Friday, February 08, 2008

MotoGP Testing: Sepang Again

If you're looking for biassed and offhand analysis of the final Sepang test, you've come to the right place. (If you're looking for a detailed and professional analysis of the Phillip Island test, check out Dennis Noyes at the SpeedTV site.)

FIAT Yamaha showed up to this test, having missed Phillip Island. Nicky Hayden was there for the first couple of days. Pedrosa is still injured, but has cheered himself up by changing his race number. He will now be number 2, which sums up his remarks about Hayden's bike development abilities. Most of the other teams either weren't there or just sent a test team.

Valentino Rossi is now getting used to the Bridgestone tyres and getting his bike dialled into their characteristics. This isn't too surprising, considering the combined brainpower of race engineer Jeremy Burgess (IQ 395) and Valentino Rossi (race IQ 180, falling to 27 when filling in tax forms). Rossi has supposedly reached a settlement with the Italian tax authorities. He will keep the race number 46 because that's how many Euros are left in his bank account. Yamaha's test team has switched to Bridgestone tyres, although The Doctor reckons the test riders are so slow that he doesn't really give a monkey's.

The Doctor put in some outstanding laps, which will have Ducati pausing for thought and the rest of us rubbing our hands and looking forward to the first real head-to-head between all the top guys at the upcoming IRTA test, where somebody will walk off with the keys to a BMW for posting fastest time in a dummy qualifying session.

Rossi's cocky partial team-mate Jorge Lorenzo did well on qualifiers (which hide a multitude of sins), but is struggling with front-end feel on the Yamaha. He was a good few tenths adrift of Valentino on race tyres. Apparently his riding style may have to change, which does make a mockery of the idea that 800cc bikes are custom designed for 250cc riders. Casey Stoner did once say that he and Pedrosa don't really have classical 250cc riding styles, but tend to pick the bike up much earlier than expected. Lorenzo's style in 250GP was noticeably different to his rival Andrea Dovizioso, who took much tighter lines and is doing brilliantly on an 800cc MotoGP machine. It could be a tough year for the comically arrogant Lorenzo.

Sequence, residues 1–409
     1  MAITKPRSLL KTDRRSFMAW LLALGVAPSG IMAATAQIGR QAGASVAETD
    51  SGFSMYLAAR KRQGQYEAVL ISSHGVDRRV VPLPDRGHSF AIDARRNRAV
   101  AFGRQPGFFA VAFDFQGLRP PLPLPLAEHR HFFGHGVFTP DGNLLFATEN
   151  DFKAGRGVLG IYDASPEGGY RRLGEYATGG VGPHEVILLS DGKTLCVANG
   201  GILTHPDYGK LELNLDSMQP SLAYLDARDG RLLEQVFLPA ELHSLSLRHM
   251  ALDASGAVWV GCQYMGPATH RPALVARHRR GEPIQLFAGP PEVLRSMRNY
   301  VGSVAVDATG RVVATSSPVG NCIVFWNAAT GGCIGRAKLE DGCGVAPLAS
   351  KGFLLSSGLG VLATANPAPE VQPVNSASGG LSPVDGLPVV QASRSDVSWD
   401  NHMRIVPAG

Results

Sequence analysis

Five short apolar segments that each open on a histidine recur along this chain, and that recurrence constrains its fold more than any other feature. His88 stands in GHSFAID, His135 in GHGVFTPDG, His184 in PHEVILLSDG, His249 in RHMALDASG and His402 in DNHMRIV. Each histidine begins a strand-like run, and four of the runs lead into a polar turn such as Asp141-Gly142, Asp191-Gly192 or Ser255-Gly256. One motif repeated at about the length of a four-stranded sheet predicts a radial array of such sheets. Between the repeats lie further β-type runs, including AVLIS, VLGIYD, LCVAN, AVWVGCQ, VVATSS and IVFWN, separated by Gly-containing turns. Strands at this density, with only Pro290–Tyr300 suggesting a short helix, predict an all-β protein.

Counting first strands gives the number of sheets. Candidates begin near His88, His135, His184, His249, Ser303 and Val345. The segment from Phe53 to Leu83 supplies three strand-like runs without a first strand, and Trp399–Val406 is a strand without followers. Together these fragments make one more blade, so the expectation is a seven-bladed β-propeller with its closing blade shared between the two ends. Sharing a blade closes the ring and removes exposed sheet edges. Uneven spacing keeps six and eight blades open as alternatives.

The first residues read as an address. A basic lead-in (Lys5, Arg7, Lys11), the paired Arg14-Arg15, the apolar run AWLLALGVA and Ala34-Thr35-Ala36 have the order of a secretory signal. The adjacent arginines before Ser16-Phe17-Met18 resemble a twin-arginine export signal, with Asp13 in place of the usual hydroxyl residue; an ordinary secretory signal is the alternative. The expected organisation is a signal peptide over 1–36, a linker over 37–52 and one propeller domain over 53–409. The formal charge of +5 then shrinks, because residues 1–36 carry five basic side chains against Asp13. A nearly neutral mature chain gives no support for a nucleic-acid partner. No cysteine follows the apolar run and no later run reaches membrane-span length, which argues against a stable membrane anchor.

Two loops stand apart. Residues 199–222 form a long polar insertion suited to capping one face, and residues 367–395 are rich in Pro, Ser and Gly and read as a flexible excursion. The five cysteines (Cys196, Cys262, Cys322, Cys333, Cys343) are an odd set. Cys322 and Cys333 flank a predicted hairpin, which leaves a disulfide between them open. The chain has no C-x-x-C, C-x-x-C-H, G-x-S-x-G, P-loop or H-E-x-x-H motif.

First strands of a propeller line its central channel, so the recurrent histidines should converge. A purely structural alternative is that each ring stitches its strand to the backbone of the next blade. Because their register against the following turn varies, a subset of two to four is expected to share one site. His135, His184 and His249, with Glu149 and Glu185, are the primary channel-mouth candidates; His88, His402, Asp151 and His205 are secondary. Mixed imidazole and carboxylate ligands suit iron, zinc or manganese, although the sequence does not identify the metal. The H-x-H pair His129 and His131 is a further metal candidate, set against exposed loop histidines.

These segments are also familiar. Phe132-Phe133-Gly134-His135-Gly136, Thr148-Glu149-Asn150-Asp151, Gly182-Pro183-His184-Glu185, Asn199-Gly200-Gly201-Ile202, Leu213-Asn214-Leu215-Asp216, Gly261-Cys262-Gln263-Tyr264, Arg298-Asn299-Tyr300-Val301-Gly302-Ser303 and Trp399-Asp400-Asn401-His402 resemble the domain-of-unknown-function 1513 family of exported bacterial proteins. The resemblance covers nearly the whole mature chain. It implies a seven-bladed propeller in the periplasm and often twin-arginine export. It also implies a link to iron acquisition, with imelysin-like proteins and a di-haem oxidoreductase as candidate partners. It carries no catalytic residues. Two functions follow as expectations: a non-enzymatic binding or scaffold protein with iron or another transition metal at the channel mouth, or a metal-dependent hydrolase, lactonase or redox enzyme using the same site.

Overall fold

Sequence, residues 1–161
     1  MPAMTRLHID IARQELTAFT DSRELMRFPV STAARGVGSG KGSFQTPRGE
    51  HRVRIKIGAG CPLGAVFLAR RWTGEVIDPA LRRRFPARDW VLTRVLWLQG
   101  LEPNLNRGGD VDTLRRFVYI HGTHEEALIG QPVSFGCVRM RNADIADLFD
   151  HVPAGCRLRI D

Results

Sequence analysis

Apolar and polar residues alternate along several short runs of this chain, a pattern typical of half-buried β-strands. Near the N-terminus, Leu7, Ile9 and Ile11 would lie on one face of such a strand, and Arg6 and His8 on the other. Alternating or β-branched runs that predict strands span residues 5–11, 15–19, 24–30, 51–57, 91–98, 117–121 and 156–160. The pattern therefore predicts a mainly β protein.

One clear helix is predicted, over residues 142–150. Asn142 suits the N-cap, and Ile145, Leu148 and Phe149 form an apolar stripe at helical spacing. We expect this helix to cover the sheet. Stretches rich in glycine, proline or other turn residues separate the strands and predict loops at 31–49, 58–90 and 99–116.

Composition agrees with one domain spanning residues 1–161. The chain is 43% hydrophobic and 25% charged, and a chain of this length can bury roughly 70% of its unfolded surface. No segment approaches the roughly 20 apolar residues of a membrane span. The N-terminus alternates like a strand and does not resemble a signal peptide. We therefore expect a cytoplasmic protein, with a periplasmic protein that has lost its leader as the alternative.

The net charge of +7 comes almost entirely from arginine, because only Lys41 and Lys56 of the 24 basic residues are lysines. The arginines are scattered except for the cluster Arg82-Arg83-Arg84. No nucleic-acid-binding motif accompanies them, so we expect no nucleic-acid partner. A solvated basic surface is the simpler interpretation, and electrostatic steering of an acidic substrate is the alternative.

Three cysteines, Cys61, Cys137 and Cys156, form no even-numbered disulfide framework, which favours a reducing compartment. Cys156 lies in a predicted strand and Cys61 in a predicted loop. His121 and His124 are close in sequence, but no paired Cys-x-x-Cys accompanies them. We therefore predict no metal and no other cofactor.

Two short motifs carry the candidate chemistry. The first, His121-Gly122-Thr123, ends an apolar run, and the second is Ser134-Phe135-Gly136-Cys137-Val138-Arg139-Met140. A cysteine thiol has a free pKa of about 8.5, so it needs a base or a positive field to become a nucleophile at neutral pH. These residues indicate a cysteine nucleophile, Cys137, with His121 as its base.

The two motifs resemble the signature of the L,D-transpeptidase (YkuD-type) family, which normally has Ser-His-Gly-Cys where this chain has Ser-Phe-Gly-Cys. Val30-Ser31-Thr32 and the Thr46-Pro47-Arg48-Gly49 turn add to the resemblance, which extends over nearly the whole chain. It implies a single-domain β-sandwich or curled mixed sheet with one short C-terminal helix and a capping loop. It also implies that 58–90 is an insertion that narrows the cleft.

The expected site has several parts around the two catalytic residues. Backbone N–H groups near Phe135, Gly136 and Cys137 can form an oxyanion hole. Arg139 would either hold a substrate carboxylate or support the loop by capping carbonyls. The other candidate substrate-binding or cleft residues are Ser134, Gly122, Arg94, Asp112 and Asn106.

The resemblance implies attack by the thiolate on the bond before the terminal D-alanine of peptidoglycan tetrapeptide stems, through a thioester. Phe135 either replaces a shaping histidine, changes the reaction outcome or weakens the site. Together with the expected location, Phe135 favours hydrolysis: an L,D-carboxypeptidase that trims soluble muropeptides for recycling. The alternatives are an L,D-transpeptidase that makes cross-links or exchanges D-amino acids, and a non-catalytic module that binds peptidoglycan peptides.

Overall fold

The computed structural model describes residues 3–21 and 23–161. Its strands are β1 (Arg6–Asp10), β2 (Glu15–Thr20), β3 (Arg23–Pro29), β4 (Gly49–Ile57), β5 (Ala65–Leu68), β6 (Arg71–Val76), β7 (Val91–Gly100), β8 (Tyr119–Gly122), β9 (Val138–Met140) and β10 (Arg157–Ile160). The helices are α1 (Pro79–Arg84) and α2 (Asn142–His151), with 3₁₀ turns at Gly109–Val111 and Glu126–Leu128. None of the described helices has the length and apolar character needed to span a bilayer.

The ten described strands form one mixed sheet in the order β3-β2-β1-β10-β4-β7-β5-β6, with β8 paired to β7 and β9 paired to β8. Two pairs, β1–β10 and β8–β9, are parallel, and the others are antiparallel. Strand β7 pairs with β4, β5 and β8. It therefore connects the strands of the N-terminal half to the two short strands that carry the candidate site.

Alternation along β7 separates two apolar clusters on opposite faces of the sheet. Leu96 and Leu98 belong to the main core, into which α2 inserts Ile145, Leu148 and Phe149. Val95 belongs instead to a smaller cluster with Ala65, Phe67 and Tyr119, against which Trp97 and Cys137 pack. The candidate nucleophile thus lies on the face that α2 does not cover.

Having said that, all talk of riding styles should be taken with a pinch of salt. After all, Max Biaggi has a 250cc riding style worthy of painting on the Sistine Chapel, and he didn't do too badly last year on a heavy, squishy, point-and-shoot WSBK machine.

Nicky Hayden did a million and four laps on the first 2 days of the test, mostly involving an out lap, flying lap, in lap and some tinkering with the bike. Repeat as required (i.e. lots). HRC's main problem is that the new pneumatic valve engine is rubbish compared to the new steel-spring engine, which is rubbish compared to last year's steel-spring engine. Hopefully Honda will sort the pneumatic valve system so we can talk about Dani Pedrosa's air-sprung dwarf technique...


Alessandro Matteucci aka Alex 555 said...

so, who is going to leave the paddocks with the BMW?

Jimmy said...

Well, Stoner isn't brilliant at qualifying, so I'm going to say Rossi will win the car.

Rob said...

Stoner's new BMW is an ominous sign for the 2008 season. Uh-oh.